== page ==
Norwalk Police plan to protect themselves with armored vehicle

A Mine Resistant Ambush Protected Vehicle (MRAP).
A Mine Resistant Ambush Protected Vehicle (MRAP). (Photo by Flickr user Raymond Wambsgans.)

NORWALK, Conn. – If the Norwalk Police Department is successful in obtaining an armored transport vehicle it will be used to protect officers from gunfire, Norwalk Police Chief Thomas Kulhawik said.

Kulhawik said recently that his department is seeking an armored vehicle for its Emergency Services Unit through Section 1033 of the National Defense Authorization Act of 1997, which authorizes the Department of Defense to transfer excess military property to state and local law enforcement agencies. Kulhawik explained on Friday that the department has requested a Mine-Resistant Ambush Protected (MRAP) vehicle for use in active shooter situation.

“We are currently on the list, but the program was temporarily suspended,” Kulhawik said. “We were waiting for a four-wheel model. We had been offered a larger six-wheel version but opted for the smaller vehicle. The vehicle is modified by the military to remove the gun turret, etc., for law enforcement use.”

Kulhawik said that such a vehicle would have been desirable in October 2012 when a man armed with a high-powered rifle was holed up on Hillside Street, threatening to shoot at police.

“It would be used by our Emergency Services Unit in an active shooter situation where an individual is armed to allow officers to approach safely and/or in rescue situations where officers or civilians have been shot or injured and are still in the line of fire and need to be rescued,” Kulhawik said.

The MRAP has a V-shaped hull, a raised chassis and armor plating, and “has proven to be the single most effective counter to Improvised Explosive Devices (IEDs),” according to Marines.com. It has a blast-resistant underbody, all-terrain suspension, runflat combat tires and layers of thick, armored glass, the website says.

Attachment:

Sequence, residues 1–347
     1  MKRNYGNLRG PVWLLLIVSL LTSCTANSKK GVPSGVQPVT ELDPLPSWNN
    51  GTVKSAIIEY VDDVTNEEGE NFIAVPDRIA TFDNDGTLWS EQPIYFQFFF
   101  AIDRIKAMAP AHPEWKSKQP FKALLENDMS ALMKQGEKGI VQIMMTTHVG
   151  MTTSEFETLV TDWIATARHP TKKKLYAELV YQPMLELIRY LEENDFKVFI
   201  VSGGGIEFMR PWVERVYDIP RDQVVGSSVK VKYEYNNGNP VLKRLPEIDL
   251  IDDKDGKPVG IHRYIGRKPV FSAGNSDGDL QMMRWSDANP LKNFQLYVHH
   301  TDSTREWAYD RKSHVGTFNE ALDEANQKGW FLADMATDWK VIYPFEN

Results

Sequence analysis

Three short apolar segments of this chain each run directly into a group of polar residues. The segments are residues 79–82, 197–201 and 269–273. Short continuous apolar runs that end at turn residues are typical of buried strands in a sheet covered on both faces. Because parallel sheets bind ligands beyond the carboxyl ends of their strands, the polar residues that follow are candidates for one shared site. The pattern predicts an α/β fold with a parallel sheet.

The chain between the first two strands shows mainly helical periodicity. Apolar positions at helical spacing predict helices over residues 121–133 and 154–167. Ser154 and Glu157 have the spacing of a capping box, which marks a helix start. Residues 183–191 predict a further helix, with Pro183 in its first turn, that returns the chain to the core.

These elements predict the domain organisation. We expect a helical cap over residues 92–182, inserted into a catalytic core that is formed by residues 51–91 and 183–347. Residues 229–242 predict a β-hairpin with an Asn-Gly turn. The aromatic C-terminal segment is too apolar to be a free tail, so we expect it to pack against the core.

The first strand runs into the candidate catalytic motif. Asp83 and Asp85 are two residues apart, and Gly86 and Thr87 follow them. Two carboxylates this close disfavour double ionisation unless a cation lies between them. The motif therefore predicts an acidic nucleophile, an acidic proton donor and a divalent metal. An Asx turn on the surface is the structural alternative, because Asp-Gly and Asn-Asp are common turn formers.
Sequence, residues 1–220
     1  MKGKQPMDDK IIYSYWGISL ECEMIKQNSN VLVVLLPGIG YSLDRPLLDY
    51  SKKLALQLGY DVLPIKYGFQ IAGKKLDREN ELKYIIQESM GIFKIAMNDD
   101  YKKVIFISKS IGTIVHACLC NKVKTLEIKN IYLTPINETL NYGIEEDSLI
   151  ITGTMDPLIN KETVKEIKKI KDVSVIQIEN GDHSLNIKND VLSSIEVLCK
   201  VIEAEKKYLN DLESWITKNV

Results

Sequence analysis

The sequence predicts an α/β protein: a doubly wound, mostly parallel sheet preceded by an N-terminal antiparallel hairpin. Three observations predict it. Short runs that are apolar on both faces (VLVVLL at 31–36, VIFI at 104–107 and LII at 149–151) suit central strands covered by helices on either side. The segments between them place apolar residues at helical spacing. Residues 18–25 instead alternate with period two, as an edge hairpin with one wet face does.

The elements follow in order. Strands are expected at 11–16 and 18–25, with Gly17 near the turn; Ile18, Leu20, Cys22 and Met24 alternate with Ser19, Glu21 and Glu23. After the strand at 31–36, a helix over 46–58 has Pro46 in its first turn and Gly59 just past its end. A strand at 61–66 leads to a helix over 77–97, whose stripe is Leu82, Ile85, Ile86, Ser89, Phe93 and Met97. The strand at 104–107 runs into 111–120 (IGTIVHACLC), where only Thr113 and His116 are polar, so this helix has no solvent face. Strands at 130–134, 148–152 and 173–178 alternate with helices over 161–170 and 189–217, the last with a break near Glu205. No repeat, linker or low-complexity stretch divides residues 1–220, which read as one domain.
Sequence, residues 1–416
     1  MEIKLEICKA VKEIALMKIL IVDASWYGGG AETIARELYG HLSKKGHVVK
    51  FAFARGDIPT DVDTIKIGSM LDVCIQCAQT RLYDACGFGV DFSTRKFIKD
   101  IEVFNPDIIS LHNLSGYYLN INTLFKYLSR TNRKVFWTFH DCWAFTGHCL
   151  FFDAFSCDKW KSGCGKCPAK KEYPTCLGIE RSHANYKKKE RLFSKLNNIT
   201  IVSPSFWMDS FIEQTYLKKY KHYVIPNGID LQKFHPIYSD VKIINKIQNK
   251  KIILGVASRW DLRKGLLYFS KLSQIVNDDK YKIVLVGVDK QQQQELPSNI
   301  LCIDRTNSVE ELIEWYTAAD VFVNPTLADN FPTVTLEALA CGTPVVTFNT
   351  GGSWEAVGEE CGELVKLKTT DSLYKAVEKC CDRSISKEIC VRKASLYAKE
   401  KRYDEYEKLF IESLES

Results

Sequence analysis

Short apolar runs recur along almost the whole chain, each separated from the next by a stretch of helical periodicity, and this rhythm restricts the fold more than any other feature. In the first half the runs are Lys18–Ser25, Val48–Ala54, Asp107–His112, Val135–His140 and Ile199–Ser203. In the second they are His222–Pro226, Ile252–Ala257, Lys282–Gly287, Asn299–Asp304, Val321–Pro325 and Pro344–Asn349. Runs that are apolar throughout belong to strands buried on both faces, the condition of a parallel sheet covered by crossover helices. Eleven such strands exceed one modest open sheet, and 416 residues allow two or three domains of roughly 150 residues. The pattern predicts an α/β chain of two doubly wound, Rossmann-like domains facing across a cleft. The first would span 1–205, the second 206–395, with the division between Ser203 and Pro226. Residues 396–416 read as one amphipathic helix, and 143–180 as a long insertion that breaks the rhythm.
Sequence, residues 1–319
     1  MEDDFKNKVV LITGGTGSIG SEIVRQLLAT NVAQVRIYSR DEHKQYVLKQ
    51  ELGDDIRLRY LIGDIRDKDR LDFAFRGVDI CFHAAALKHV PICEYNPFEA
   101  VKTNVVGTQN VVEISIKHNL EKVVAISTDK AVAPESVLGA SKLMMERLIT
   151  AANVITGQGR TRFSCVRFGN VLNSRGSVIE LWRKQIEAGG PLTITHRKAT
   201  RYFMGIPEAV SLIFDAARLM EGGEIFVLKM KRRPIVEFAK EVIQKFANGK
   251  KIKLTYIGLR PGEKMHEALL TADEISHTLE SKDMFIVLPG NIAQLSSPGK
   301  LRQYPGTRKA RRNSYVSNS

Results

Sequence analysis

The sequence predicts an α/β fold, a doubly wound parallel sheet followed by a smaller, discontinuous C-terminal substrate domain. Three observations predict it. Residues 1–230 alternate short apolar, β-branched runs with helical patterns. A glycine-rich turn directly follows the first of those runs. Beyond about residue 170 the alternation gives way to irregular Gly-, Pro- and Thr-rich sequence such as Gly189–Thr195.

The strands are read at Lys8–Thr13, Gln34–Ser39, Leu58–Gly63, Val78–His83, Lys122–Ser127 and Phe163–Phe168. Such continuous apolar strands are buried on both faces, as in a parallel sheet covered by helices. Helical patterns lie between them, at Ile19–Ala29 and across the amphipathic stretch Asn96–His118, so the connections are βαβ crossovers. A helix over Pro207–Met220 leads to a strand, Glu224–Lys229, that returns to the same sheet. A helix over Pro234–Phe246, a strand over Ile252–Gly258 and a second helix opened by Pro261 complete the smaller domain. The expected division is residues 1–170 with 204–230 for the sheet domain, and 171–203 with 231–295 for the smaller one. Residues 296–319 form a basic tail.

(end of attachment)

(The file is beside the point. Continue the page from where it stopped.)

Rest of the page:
“A military surplus MRAP was used to rescue two officers who were shot and pinned down last month in Texas,” Kulhawik said. “The vehicle sustained numerous gunshots, but due to its design, the officers were able to safely access and rescue the injured officers.”

The 2012 shooter on Hillside did fire one shot towards police, Kulhawik said.

“Officers were temporarily pinned down and thankfully were able to escape to a safe area,” Kulhawik said. “The MRAP would have allowed us to immediately access the direct vicinity and remove the officers. It is a safeguard that we hope we would never have to use, however, if needed it will save lives.”


20 responses to “Norwalk Police plan to protect themselves with armored vehicle”

  1. Suzanne

    Is this through a grant? How much does the vehicle cost? Are there no other ancillary services in the Norwalk area that could assist without turning Norwalk into Iraq? It looks like we now need a unit from the National Guard to keep the peace.

  2. Maria Alarcon

    Welcome to the new world order….

  3. Oldtimer

    I wonder if Maria is also opposed to bullet resistant vests that police officers wear or two-way radios that are issued to officers. A lot of us sometimes yearn for our memories of the good old days, which, in many ways, were not all that good.